Understanding culpability

Published: 5 Sep 2017

“If you are aware of a hazard, and then have multiple incidents...” says John Southall, ex-enforcement officer turned health and safety advisor “… yet have done all the training and then still have another accident – that is the definition of high culpability”.

Speaking at the Safety and Health Expo 2017, Southall said that if you document numerous incidents, and constantly assess the risk of hazards, but incidents keep occurring, it increases a company’s risk of high culpability – and the subsequent size of a fine a business could receive.

“If you look at the sentencing guidelines, and the issue of culpability, it is about how you document harm”, he says, referring to the levels of culpability in the guidelines ranging from ‘very high’, which involves a deliberate breach or flagrant disregard for the law, to a ‘low’ level of culpability when significant efforts were made to address the risk.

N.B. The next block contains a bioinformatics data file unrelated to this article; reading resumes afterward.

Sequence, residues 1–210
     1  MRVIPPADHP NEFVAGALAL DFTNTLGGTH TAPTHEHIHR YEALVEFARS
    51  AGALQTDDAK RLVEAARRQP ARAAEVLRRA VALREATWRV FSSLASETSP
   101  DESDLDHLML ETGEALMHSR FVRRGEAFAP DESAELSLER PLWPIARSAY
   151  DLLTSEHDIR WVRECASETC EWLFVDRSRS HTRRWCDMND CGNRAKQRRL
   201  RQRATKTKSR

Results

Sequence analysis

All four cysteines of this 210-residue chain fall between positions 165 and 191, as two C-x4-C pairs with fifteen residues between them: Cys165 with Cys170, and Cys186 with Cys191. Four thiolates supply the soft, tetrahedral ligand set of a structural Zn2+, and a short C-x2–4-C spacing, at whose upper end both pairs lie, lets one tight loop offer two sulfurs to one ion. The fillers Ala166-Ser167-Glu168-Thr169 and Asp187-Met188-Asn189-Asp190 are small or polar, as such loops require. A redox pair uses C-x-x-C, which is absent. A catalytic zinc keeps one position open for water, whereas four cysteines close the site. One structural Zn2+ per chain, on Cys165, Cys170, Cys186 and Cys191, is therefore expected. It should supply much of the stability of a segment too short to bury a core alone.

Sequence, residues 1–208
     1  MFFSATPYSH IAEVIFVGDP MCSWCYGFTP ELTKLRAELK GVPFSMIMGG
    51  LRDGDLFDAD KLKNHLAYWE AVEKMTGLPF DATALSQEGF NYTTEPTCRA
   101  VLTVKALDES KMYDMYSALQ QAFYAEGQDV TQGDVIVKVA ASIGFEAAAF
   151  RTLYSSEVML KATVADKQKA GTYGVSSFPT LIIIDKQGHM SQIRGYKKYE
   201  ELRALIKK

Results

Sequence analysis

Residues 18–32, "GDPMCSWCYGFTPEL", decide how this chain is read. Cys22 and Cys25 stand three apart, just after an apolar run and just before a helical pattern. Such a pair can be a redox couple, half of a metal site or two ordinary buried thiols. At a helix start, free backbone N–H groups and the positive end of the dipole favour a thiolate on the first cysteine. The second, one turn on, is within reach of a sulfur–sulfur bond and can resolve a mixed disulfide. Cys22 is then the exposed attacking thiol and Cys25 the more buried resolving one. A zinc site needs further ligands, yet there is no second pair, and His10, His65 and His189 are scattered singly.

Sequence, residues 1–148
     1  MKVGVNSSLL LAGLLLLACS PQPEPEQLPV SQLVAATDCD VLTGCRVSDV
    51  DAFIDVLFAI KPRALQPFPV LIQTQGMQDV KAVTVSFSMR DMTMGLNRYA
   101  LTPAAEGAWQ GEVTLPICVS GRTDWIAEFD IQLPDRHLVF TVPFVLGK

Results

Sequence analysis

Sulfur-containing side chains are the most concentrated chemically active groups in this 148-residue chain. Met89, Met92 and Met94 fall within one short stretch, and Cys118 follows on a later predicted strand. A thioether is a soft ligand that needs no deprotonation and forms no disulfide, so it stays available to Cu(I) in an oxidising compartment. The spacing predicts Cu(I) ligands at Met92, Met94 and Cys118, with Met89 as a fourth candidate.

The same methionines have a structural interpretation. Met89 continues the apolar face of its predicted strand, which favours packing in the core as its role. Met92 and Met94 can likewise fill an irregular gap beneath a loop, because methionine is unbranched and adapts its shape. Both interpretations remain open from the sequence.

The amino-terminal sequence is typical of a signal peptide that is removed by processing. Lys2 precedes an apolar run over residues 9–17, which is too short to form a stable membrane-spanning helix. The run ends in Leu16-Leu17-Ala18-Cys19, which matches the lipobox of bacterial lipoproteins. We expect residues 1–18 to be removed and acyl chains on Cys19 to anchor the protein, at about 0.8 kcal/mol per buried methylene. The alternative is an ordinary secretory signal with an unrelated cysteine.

Southall also took the seminar audience through the whole cycle of the investigation journey;

  • Applying first aid and individuals’ wellbeing,
  • Making an area safe,
  • Gathering information – physical, verbal, and documentary,
  • Collecting people’s versions of events.

“You will have to demonstrate in a linear fashion the process that should have been used” said Southall, in relation to how crucial it was to collect information at the earliest possible opportunity. Over time documents may go missing and people’s recollection of the events may change.